How e-mooting is ushering in a new age of legal education

ANU student Javier Cross presents his case in an e-mooting competition
ANU student Javier Cross competes in the 2020 Herbert Smith Freehills International Computational Law e-Mooting Competition. The judge for this round was based in Hong Kong, while opposing counsel was an Australian team in New Zealand. Photo: Andrew Ray/ANU

(E-mooting is) probably going to reflect how law works after we’ve graduated.

It’s accessible. It’s environmentally friendly. And it’s resilient to travel restrictions, such as those imposed by the COVID-19 outbreak. Could the world’s first international e-mooting competition offer a glimpse of the future of legal education?

The Australian National University (ANU) has won the inaugural Herbert Smith Freehills (HSF) International Computational Law e-Mooting Competition, narrowly edging out Victoria University of Wellington (VUW) in the grand final.

Both teams entered the decider undefeated following preliminary rounds against teams from around the world including the University of Edinburgh, National Law School of India University, Singapore Management University and University of Hong Kong.

This innovative competition examined the principles and significance of computational law including: artificial intelligence; automation of trust; data governance; privacy protection; accountability of algorithms; and blockchain.

As winners, ANU students Andrew Ray (Bachelor of Laws (Hons)/Science) and Javier Cross (Bachelor of Laws (Hons)/Economics) have been offered a week-long internship with HSF in one of its global offices, including return airfares and accommodation.

Their opponents in the grand final, VUW students Taran Molloy and Emily Williams, won the competition’s major social media prize: a virtual internship at Singapore Management University.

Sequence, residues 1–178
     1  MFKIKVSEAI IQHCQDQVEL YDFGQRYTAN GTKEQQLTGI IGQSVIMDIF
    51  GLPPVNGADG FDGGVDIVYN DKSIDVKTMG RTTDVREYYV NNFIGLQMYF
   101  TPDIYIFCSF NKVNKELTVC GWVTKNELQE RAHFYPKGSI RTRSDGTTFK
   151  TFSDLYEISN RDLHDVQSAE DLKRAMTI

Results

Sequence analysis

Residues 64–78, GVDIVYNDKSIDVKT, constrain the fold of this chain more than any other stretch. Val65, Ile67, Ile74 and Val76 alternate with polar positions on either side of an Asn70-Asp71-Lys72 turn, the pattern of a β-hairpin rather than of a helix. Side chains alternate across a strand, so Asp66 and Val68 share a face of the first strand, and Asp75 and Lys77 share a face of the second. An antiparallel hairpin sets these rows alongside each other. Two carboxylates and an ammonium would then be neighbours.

Andrew and Javier, who were respondents in the grand final, were both full of praise for their “excellent” national law school counterparts.

“I had preferred to be on the side of the respondent until I saw how good Victoria University were on the appellant side. They were extremely solid. I couldn’t find anything wrong at all with their written submissions,” said Javier.

HSF partners and senior associates from the firm’s UK and Asia Pacific offices served as judges throughout the competition, giving students authentic access to technical and legal expertise.

“We are delighted to support the next generation of legal leaders in the digital age through this innovative competition,” said HSF Singapore partner, Natalie Curtis.

“The passion and professional skills displayed by all students, along with their sound knowledge of the principles and significance of computational law, stood out as highlights. We look forward to welcoming Andrew and Javier as interns, where they will have the opportunity to pursue their interest in law and technology with our expert practitioners.”

Timely lawtech cases

Mooting centred on the challenges of applying existing legal principles to novel technologies. This included whether a pseudonym can be defamed online and whether cryptocurrencies should be treated as property for the purposes of a knowing receipt claim in equity.